The Tokyo Edition, Toranomon is ready to welcome guests to what can only be described as the hotel company’s coolest offering yet.
The hotel, which officially opened its doors on Oct. 20, is the first Edition hotel in Japan. Designed in partnership with renowned architect Kengo Kuma (the architect of the Olympic stadium in Tokyo), Ian Schrager, and Miwako Date, the president and CEO of the Mori Trust, the hotel pays homage to the city’s rich past while maintaining one foot firmly planted in the future.
Inside, guests will find 206 rooms, including 22 suites to choose from. Guests can also explore its more than 10 entertaining and working spaces. This includes its restaurants and bars decked out in black, blue, and jade, which are all inspired by the precious stones and extremely rare elements sapphire, Japanese jade, and gold.
“Nothing makes me more excited than seeing the Edition Hotel open in Tokyo, a favorite destination of mine and the place I was born,” Arne Sorenson, president and CEO of Marriott International, shared in a statement. “In partnership with Mori Trust and my friend Ian Schrager, The Tokyo Edition, Toranomon is a beacon of hope and optimism for the future, a place where thousands of travelers and local customers will be welcomed in the years ahead. Particularly in this time of complexity, the opening of The Tokyo Edition, Toranomon stands as proof that we will return — to travel, to togetherness and to joy.”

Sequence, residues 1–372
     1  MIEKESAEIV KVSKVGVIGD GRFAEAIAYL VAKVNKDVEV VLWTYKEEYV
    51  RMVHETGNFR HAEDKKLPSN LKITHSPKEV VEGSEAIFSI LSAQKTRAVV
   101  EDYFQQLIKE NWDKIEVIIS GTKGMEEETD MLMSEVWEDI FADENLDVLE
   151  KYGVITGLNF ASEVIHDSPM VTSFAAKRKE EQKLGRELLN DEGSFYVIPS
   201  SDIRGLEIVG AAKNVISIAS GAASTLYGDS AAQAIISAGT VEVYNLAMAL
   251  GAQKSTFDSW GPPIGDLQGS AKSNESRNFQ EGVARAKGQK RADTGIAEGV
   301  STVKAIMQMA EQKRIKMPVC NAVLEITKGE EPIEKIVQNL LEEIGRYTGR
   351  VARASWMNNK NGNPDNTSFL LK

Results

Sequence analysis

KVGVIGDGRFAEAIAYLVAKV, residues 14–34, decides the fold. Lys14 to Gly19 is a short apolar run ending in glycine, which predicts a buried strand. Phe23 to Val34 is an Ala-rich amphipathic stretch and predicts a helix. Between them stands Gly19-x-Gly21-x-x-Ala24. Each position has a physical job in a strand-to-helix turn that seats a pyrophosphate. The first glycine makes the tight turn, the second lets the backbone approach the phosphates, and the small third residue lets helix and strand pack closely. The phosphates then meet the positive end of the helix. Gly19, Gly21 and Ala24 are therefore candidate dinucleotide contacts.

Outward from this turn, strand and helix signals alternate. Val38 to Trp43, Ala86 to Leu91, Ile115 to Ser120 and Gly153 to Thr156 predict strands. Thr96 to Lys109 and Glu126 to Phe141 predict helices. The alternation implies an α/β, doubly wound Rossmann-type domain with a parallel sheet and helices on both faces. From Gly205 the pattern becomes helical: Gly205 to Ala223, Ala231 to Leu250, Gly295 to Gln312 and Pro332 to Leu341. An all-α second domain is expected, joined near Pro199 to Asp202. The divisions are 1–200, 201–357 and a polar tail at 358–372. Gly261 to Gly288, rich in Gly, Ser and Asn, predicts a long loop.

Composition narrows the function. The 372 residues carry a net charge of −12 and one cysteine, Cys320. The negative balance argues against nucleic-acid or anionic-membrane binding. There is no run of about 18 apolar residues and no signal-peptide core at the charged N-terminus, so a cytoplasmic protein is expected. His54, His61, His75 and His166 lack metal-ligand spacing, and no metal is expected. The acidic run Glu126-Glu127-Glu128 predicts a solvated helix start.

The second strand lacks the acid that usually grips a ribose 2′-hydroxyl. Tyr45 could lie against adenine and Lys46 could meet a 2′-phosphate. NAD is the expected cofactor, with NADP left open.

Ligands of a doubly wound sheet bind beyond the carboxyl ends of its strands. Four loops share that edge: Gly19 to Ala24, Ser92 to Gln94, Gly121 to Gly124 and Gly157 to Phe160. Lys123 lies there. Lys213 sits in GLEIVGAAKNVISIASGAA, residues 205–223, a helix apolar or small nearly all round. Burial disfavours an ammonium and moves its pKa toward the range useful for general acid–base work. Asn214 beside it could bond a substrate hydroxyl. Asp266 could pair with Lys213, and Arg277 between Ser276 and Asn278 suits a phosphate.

Sorenson isn’t alone in his delight at getting to work on the unique hotel.
“I have always had a spiritual connection with the approach and aesthetics of Japan. Their rationality, their simplicity, and their restraint has been the foundation of everything I’ve done,” says Schrager, adding how captivated he was with Kuma and his team’s working style and design aesthetic. “They are truly original thinkers but execute their ideas in such a humble and modest fashion. The end results are bold yet refined and shouts in a quiet way. It’s a sweet spot that is completely seductive for me.”
The hotel, the team explains, is inspired by Buddhist temples and their “structure, purpose and organization.” Like the temples that center around their courtyard space, The Tokyo Edition, Toranomon’s two-story lobby acts as its own centralized gathering place. It’s meant to act as a place to encourage communal and social interactions when the time comes that we can all gather again.
And that’s just the lobby. The hotel restaurants are looked after by world-renowned Michelin-starred chef Tom Aikens. His work includes overseeing The Blue Room, a glamorous all-day dining space filled with sapphire and topaz colored upholstered seating overlooking the jaw-dropping views of the city, and The Jade Room, which offers a bespoke menu filled with the local flavors of Japan. Guests at the hotel can also step outside on The Jade Room + Garden Terrace, which sits 450 feet above the street and acts as a true oasis from city life.
But this is just a taste. As Schrager said: “We wanted to do something that embodies the traditions of Japan, but also looks forward with design and visuals and brings a sense of the cutting edge and avant-garde, which Tokyo always does as well. We’ve created this energized resort in the middle of Tokyo, a beehive of activity where you can get away without ever leaving.”
When you’re ready, check out the hotel and book a stay on its website. Then, invite us to dinner — we’ll meet you on the terrace.
Stacey Leasca is a journalist, photographer, and media professor. She’ll happily have dinner with you in Tokyo any time. Send tips and follow her on Instagram now.
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